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Solidarity will help region get through this together

“Solidarity”

“Unity or agreement of feeling or action, especially among individuals with a common interest; mutual support within a group.” — Oxford Dictionary

What does that mean during a pandemic?

Well, for 20 Atlantic/Caribbean leaders, it meant sitting down in front of electronic devices and having an emergency Caricom meeting to discuss the following items relating to Covid-19:

• Country-by-country experiences

• Regional experiences

• Regional resources

• Advice from regional bodies

On April 15, approximately 100 persons logged on to a Zoom meeting hosted by the Caricom secretariat. This included, all 14 prime ministers of independent Caribbean nations and six premiers of British Overseas Territories.

One by one, each leader spoke, briefly, of the challenges they were facing with balancing both health risks and containing economic fallouts of economies that, with varying degrees, are shut down or nearly shut down.

Fortunately for the region, there have been relatively low amounts of community spread and loss of life.

However, the economies, based mostly around tourism and respective support services, have taken a severe hit in each country.

Regional bodies

“The leaders received presentations from the Caribbean Public Health Agency, The University of the West Indies, the Caribbean Development Bank and Archbishop Jason Gordon.

“Dr Joy St John, executive director of Carpha, indicated that the region had done fairly well in its response to the pandemic, which was a direct result of the early implementation of measures which helped to contain the virus. She recommended a co-ordinated approach as the region prepares for the next phase of the virus.

“The CDB presented the economic implications for the community of the pandemic and ideas for stimulating economic activity in going forward.

“The UWI researchers included projections for the future of the virus in the region.”— Caricom.com

Key decisions

Three definitive decisions were taken in the meeting that stood out to all listening.

The first was that all member states, both large and small, would continue to act in unison throughout the pandemic. Whatever knowledge and resources available to any given state would be shared among all states.

We have seen clear evidence of this in the sharing of testing kits by the Caymanian Government to sister islands Bermuda and Barbados.

The second unanimous decision was that the region must move towards improving digital economy and government administration. As we have witnessed around the world, government ministries have had to move quickly to have their staff working from home to prevent a total collapse of administration.

So, too, in the Caribbean, thousands of civil servants have had to adapt to doing the people's work from the safety of their living rooms, kitchens and bedrooms.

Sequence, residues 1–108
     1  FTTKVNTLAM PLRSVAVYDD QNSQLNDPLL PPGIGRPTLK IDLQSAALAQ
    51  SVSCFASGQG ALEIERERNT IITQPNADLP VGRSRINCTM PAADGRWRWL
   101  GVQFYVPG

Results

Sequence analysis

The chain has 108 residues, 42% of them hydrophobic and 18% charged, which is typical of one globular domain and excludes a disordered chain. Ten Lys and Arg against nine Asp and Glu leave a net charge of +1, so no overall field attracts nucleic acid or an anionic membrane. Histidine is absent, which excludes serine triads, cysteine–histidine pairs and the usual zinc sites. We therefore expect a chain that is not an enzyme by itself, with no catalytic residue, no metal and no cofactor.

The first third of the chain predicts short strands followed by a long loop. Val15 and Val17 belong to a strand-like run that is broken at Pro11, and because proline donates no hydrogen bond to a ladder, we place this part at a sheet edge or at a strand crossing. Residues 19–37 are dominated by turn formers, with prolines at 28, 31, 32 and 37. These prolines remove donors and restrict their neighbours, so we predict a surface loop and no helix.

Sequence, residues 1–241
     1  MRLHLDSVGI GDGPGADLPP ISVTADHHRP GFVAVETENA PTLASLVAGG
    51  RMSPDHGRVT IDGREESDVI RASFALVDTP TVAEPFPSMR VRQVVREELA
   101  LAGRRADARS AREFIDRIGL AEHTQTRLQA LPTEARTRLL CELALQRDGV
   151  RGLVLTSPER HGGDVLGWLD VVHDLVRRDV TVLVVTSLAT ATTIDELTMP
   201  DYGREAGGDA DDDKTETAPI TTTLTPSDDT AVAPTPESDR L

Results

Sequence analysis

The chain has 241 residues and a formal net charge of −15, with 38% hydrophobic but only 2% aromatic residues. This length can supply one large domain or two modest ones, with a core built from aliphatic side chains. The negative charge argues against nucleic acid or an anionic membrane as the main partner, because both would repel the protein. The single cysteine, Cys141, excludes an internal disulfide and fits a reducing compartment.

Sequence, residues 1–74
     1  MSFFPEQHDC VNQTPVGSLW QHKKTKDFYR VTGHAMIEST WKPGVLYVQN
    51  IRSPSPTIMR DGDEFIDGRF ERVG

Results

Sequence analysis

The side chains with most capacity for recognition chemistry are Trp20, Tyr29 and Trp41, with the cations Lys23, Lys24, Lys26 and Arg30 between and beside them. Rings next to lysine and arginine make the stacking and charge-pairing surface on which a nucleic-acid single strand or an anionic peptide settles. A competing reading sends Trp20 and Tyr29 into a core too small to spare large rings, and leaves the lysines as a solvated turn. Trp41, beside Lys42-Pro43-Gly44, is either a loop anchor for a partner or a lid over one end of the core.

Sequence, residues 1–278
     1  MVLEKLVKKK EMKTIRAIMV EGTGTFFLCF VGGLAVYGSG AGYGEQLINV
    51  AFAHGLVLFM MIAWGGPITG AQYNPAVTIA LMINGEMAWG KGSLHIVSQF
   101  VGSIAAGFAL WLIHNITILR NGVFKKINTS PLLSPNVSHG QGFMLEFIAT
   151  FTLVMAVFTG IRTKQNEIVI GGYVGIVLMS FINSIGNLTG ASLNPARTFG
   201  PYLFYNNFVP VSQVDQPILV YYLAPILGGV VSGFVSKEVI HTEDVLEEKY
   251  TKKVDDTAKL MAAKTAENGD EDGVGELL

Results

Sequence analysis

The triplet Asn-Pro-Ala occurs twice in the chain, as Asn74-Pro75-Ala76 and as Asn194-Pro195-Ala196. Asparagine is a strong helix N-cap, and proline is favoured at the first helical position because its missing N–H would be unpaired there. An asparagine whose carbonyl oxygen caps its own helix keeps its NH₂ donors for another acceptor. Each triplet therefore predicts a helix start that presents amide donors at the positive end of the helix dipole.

For some ministries, such as finance, this would have been near seamless, as most of their work is administrative. For others, though, such as vehicle registration departments who rely on dealing with clients face to face on a daily basis, this has proved to be a challenge.

In order for governments, and the region on a whole, to be able to function throughout a pandemic and/or natural disasters, they will have to have digital capabilities.

Therefore, each member state committed to not only boosting their individual infrastructure but to assist others.

Agriculture

Without a doubt, the most important decision made was to boost regional food security.

Over the years, the Caribbean as a whole has allowed itself to have less and less domestic food production.

Here are some key takeaways from a great piece written in Forbes by Daphne Ewing-Chow:

“Most Caribbean countries are Net Food Importing Developing Countries — that is, imports are the dominant source of food energy.”

“Lack of local production means that Caribbean people tend to eat more highly processed foods.”

“Lack of local production is bad for local economies.”

The Caricom leaders undertook a commitment to increase regional food production in countries with vast space: Belize, Dominica, Guyana, Haiti.

For this to work, there had to be further commitment for better inter-regional air and sea transportation.

Unity

The people of the Atlantic/Caribbean, while not in the best economic position as of late, are blessed to have leadership that has bonded as one to ensure that we see ourselves through this pandemic and emerge stronger as a region.

As the Caribbean's elder statesman, St Vincent & the Grenadines Prime Minister Ralph Gonsalves always says: “Solidarity!”

Christopher Famous is the government MP for Devonshire East (Constituency 11). You can reach him at WhatsApp on 599-0901 or e-mail at cfamous@plp.bm

Top priority: fresh food security is high on the agenda for Caricom states

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Published April 24, 2020 at 9:00 am (Updated April 24, 2020 at 9:09 am)

Solidarity will help region get through this together

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